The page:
Starting your Paleo journey can be quite the challenge. Not only is it difficult to break old habits, but it can also be really hard to figure out what is kosher to eat and what isn't. Because oats are known for being a healthy, nutrient-rich food, many wonder if oats work with a Paleo diet. So, today we are going to digest exactly how oats work with a Paleo diet:
Why are oats not Paleo-friendly?
Although oats are a very healthy food for a more mainstream diet, oats do contain anti-nutrients that the Paleo diet aims to avoid such as phytic acid, lectins, and avenin. Not only do oats contain a few anti-nutrients, they are also often contaminated with gluten.
Next, let’s go over exactly what these anti-nutrients are:
- Phytic acid: Very commonly found in grains, nuts, and seeds, and is found in the outer husk of the oat. Phytic acid can prevent your body from absorbing important minerals. Although oats do contain phytic acid, it contains a very little amount especially after being processed.
- Lectins: Lectins are proteins that the oat carries to ward off insects and other pests that can be damaging to the oat. Lectins, when digested, can play a role in the irritation of the digestive tract, causing discomfort.
- Avenin: Avenin is another protein found in the oat. If you have a gluten sensitivity, avenin can irritate your intestinal lining.
- Gluten: Although oats are naturally gluten-free, many oats become contaminated with gluten. This contamination comes from oats being processed in factories where other foods containing gluten are also processed. Gluten can also come from any additives the manufacturer may have included in the packaging.
But I love oatmeal! Can I make it work?
Honestly, we don’t blame you for loving a warm bowl oat porridge on an early morning. It truly warms the soul. If you’re anything like us and just can’t imagine your life without oats, don’t worry. It’s not an end all be all situation. There are a couple of things you can do to make your oats more Paleo-friendly.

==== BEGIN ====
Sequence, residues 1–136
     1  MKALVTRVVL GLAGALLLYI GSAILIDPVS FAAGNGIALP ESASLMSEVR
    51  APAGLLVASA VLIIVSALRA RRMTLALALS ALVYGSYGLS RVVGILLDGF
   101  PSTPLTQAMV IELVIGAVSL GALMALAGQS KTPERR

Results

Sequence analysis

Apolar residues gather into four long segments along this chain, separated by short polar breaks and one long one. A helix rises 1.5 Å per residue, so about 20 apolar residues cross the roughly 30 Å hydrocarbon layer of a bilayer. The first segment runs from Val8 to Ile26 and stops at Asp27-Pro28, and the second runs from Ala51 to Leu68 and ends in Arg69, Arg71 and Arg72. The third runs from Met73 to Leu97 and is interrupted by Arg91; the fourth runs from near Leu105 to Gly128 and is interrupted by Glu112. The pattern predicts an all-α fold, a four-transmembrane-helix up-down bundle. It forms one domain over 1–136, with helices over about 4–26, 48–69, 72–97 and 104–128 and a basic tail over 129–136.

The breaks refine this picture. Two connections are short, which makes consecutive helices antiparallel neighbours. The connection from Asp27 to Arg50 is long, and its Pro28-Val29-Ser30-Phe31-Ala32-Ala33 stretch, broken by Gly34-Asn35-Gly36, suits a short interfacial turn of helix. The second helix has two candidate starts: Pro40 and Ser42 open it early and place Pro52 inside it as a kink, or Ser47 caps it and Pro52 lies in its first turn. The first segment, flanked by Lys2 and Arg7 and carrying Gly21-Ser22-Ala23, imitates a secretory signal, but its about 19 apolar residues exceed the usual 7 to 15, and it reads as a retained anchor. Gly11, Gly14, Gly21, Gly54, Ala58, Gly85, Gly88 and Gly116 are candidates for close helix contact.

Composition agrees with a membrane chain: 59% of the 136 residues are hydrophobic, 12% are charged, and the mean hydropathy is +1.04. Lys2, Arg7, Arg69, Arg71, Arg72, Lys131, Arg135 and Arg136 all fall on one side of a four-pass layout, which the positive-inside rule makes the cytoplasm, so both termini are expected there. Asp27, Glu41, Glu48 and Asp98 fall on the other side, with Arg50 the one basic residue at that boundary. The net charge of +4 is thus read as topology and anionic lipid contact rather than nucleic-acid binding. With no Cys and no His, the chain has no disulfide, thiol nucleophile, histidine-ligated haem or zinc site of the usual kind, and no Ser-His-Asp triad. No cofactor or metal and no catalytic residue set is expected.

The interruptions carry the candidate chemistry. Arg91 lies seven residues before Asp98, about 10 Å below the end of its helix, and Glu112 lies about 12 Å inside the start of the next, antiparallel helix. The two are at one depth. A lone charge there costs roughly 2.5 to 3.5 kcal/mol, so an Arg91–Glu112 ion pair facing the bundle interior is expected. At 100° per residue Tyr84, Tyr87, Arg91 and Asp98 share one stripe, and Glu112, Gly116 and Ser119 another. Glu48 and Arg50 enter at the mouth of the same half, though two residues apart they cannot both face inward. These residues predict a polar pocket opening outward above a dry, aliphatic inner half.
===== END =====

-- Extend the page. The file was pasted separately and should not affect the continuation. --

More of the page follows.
The first thing is to buy gluten-free oats. If you are having trouble finding gluten-free oats, at Oats Overnight, all of our oats are gluten-free, nutrient-rich and will deliver straight to you. Once you’ve got your gluten-free oats, here are a few other steps to take to reduce the amount of phytic acid:
- Sprout and soak: The first option is to malt the oats for five days at 11ºC/52ºF, then soak for 17 hours at 49ºC/120ºF. This process removes 98 percent of phytic acid.
- Soak with a complimentary grain: The second option is to add a small amount of ground wheat, spelt, rye, or buckwheat while soaking.
- Soak and ferment: The last option is to soak the oats with a complimentary grain, like the ones listed above, in an acidic source such as whey, kefir or yogurt.
Best oats to buy for a Paleo diet
Oats Overnight offers deliciously nutritious, gluten-free oats that can be modified to work with your Paleo diet. Check out our selection here.